Ge 1:1 In the beginning God created the heavens and the earth.
Isa 66:22 For as the new heavens and the new earth, which I will make, shall remain before me, saith the LORD, so shall your seed [zera'] and your name remain.
Isa 66:23 And it shall come to pass, that from one new moon to another, and from one sabbath to another, shall all flesh come to worship before me, saith the LORD.

"Isaiah ends with the two feasts whose corruption distressed him at the beginning of his book (1:13)" (J. Alec Motyer, Isaiah, TOTC, p.460).

"To whom are the promises given? Just to the people of Israel? Hardly. They are given to all flesh who worship from month to month and Sabbath to Sabbath. This is the ultimate end of Israel's religion, that everyone should have the opportunity of joining Israel in worshiping the one God (cf. Zech 14;16-17)" (John N. Oswalt, The Book of Isaiah chapter 40-66, NICOT, p.691).

Ex 20:11 For in six days the LORD made heaven and earth, the sea, and all that in them is, and rested the seventh day: wherefore the LORD blessed the sabbath day, and hallowed it.

The Sabbath was instituted at the creation of "the heavens and the earth" and continues and continues to be observed in "the new heavens and the new earth".

Mosaic and Ezekielian Torahs

Eze 43:12b Behold, this is the law [torah] of the house.

"Ezekiel is the ... new Moses who brings new legislation for the creation of a new world order" (Kalinda Rose Stevenson, The Vision of Transformation, p.xxiii).

"Biblical tradition regards Moses as the mediator of Israel's divine constitution, the Torah; it recognizes no other legislator - except Ezekiel... The lesson of the failed experiment must be put into effect by revision of these sacred institutions. As Moses spelled out the meaning of "a holy nation" to an unformed people liberated from Egypt, so Ezekiel specified the needful changes in the vessels and symbols of God's presence in the future commonwealth...

"When we ... compare the program of the former to the legislation described to the latter great differences emerge. The nonpriestly Mosaic legislation in Exodus and Deuteronomy regulates private, civil, criminal, and public administrative realms that lie outside Ezekiel's scope. His concerns, concepts, and terminology resemble those of the priestly legislation that comprises the central parts of the Pentateuch (end of Exodus, Leviticus, Numbers). The arrangement of his program also is like that of the priestly corpus: first a description of the sanctuary, then regulations of its personnel and ritual, and finally disposition of the tribes around the sanctuary and the land allotment. The major omissions in Ezekiel, when compared with the priestly legislation, are the whole system of purity and impurity, ethics and morality (e.g., sexual conduct), idolatry and private life (e.g., vows) - in sum, all the prescriptions of lay conduct making Israel a holy nation! Since such omissions cannot imply annulment, we must suppose Ezekiel to be highly selective, treating only of those topics in which he sought revisions...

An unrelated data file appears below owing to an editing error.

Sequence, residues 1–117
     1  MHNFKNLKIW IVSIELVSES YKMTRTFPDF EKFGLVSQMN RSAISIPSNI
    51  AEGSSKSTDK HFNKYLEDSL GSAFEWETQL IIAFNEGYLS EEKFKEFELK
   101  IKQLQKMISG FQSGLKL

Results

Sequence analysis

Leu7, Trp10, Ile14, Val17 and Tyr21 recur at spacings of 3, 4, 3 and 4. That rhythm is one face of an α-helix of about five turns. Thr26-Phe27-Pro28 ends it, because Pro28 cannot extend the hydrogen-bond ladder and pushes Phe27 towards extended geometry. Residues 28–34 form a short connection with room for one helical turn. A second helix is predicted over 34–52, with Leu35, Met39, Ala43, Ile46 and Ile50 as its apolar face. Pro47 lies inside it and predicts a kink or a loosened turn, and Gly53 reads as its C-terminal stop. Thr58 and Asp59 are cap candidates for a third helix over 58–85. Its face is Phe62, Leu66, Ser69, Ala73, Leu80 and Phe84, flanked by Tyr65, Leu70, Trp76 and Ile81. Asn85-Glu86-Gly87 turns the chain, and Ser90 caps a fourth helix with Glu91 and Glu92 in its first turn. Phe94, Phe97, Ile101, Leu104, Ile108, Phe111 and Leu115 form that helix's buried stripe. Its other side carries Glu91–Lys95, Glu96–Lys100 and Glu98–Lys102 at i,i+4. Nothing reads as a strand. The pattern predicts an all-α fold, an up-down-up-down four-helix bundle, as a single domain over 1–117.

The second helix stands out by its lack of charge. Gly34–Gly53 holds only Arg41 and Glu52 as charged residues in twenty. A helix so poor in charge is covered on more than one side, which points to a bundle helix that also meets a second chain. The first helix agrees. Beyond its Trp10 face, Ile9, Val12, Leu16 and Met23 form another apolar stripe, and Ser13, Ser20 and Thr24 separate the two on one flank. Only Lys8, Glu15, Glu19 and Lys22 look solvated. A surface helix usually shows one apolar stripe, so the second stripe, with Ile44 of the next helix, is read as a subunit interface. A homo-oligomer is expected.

"Ezekiel's program is a revision - and up-dating and a rectification - of selected topics of existent priestly legislation and practice very similar to, if not identical with, that of the Pentateuch..." (Moshe Greenberg, "The Design and Themes of Ezekiel's Program of Restoration," Interpreting the Prophets, pp.216-17, 233-35).

Holy days - OC & NC

Lev 23:4 These are the feasts [moed] of the LORD, even holy convocations, which ye shall proclaim in their seasons [moed].

Eze 45:17 ... in the feasts [hag], and in the new moons, and in the sabbaths, in all solemnities [moed] of the house of Israel:

OC - Kingdom
NC - Church
NC - Kingdom
Lev 23:5 In the fourteenth day of the first month at even is the LORD'S passover.
1Co 11:26 For as often as ye eat this bread, and drink this cup, ye do show the Lord's death till he come.